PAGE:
Bangladesh workers rally for safety at work! – millions facing deadly health risks

Bangladesh workers’ rally and demonstration in Dhaka on Monday to remember those who suffered from work-related deaths

Remembering dead and injured workers on Sunday April 28, food and agricultural unions in Bangladesh demonstrated demanding protection of workers’ health and safety as a fundamental right.

On April 28, the IUF Food and Beverage Workers Council-Bangladesh, Bangladesh Agricultural Farm Workers Federation, and National Women Farmers & Workers Association held a rally and demonstration in the capital Dhaka to remember those who suffered from work-related deaths, injury and illness, including the unreported deaths of unknown workers.

The unions called for action to ensure the fundamental right to health and safety is fully realised for all food, farm and agricultural workers in both the formal and informal sectors.

One minute’s silence was held in memory of workers killed at work.

The unions stated: ‘International Workers Memorial Day-2023 has been marked to demand comprehensive measures to protect workers ensuring their fundamental occupational health and safety rights guaranteed in International Labour Organisation (ILO) Convention No.155.

‘Today, April 28, to mark International Workers’ Memorial Day-2024, IUF Food and Beverage Workers Council-Bangladesh, Bangladesh Agricultural Farm Workers Federation and National Women Farmers & Workers Association have jointly organised a workers rally and demonstration in front of the National Press Club, Dhaka.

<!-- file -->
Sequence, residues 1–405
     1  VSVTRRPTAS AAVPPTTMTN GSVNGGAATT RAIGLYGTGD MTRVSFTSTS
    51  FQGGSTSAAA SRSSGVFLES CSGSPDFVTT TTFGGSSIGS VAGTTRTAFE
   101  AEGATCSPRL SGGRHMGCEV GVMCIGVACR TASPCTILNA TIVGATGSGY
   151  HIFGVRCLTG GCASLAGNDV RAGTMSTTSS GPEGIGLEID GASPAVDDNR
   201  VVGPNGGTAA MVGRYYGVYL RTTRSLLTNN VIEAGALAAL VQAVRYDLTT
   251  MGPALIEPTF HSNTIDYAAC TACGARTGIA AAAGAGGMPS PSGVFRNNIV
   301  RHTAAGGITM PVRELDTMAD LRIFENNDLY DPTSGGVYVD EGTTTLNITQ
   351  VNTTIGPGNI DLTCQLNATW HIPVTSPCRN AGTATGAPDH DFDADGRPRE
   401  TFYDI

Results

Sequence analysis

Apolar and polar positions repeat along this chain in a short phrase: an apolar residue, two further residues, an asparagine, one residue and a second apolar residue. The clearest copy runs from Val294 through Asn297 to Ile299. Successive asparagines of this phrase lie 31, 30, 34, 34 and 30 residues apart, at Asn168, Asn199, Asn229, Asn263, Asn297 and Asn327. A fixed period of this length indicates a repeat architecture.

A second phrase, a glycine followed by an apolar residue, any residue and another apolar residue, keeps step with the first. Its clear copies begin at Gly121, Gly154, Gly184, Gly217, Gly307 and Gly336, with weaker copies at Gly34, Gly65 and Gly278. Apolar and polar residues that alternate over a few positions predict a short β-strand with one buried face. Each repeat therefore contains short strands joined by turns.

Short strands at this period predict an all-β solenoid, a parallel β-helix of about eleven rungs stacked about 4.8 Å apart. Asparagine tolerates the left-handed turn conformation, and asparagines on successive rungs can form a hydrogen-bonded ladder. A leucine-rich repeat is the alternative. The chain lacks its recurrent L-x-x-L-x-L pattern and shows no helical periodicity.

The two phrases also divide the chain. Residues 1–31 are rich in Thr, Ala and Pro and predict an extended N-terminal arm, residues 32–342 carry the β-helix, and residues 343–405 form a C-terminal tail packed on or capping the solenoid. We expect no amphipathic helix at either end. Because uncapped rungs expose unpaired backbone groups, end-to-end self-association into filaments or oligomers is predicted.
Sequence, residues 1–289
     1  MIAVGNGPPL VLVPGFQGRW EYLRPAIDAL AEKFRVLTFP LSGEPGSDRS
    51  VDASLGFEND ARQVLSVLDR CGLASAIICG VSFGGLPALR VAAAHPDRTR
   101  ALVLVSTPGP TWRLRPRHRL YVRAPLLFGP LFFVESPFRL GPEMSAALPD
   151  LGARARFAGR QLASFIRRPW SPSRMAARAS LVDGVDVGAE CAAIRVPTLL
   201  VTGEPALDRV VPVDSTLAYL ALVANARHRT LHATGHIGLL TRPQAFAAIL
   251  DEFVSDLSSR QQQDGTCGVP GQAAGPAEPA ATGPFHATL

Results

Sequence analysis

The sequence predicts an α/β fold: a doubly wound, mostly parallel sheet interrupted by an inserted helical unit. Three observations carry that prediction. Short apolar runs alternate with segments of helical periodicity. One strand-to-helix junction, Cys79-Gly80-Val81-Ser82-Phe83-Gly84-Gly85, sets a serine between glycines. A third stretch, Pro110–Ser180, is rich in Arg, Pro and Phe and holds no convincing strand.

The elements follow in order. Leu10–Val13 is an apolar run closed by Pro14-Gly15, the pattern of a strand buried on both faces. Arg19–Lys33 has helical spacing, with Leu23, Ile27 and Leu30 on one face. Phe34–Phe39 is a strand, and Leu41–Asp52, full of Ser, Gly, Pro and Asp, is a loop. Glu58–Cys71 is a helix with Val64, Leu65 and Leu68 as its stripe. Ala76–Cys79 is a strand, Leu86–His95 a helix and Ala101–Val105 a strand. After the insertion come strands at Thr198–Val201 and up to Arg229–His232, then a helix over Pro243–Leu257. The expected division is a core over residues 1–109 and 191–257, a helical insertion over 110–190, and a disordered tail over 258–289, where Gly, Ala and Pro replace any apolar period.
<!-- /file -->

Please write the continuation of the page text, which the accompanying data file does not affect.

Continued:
‘From the demonstration one minute’s silence was also observed in memory of the known and unknown workers killed and injured at work.’

The rally called for comprehensive action to ensure workers fundamental right to health and safety guaranteed by ILO Convention 155 for the protection of workers that includes setting up tripartite monitoring committee, real risk management with active participation of workers representation, and enacting ILO Convention 155 implementation law etc.

In the rally, the workers leaders from various unions complained that the employers’ priority is to make more profit from hazardous unsafe work than on saving lives at work.

Work-related injuries, illness, disease and deaths grows as most workplaces continue to have unsafe and dangerous environments, with increasing precarious work arrangements and no proper representation for workers.

Speakers also said that apart from industrial workers, millions of agricultural workers, self-employed workers and small and marginal farmers are facing deadly health risks due to extreme weather caused by climate change.

Work-related deaths, injury or illness of these great number of unrecognised workforces in the informal economy in most cases remain hidden and are not known.

ILO C.155 recognises that a safe and healthy working environment is a fundamental right of workers and it is the employer’s obligation to ensure a safe workplace whereas the government’s responsibility is to monitor whether the employer has ensured safety for all workers.

The rally reaffirmed its commitment to continue calling for an end to the killing of workers at workplaces, and demanded strict punishment for employers who fail to provide a safe working environment.

Among other union and organisation leaders, President of NEU Md. Abdul Mannan, IUF Asia Pacific National officer Nasrin Sultana, Prominent labour leader Abul Hossain, General Secretary of BAFLF union Golam Sorowor, President of NEFA Leela Khanom, President of PvM EU Md. Kamrul Hasan, General Secretary of Coca-Cola Employees Union Md. Mokhleshur Rahman Khokan, Joint General Secretary of SMC EL Union Md. Al Amin Imran, President of BRRI Sramik Samiti, Md. Rahim Uddin spoke at the rally.